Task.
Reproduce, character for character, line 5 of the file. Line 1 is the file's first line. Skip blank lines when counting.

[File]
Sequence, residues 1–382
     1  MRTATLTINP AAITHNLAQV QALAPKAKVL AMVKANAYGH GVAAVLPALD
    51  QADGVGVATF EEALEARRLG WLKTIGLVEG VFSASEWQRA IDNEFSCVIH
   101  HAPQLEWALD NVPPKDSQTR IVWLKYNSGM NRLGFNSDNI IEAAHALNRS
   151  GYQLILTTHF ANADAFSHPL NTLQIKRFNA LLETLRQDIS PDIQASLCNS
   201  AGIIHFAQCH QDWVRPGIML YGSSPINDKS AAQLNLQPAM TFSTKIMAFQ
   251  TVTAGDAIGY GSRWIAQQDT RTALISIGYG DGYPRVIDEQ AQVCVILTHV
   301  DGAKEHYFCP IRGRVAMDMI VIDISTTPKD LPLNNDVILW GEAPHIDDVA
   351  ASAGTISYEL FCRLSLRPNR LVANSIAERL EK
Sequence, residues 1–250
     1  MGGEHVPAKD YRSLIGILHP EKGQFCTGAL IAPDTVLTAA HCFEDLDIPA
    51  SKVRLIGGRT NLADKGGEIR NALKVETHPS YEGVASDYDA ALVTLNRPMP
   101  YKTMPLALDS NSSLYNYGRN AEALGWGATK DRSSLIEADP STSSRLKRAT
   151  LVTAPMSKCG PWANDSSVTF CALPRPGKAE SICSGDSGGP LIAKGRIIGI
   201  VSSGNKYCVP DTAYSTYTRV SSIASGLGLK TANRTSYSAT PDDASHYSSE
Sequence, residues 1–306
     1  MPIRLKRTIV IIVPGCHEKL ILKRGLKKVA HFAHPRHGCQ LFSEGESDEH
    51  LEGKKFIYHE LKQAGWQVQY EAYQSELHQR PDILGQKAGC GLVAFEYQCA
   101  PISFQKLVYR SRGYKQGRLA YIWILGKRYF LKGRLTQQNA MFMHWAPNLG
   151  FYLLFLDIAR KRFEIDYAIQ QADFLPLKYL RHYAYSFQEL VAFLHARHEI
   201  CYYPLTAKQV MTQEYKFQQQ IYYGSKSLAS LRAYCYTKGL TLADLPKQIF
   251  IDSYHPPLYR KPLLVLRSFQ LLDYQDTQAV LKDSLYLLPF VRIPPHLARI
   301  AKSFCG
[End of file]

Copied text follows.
   151  GYQLILTTHF ANADAFSHPL NTLQIKRFNA LLETLRQDIS PDIQASLCNS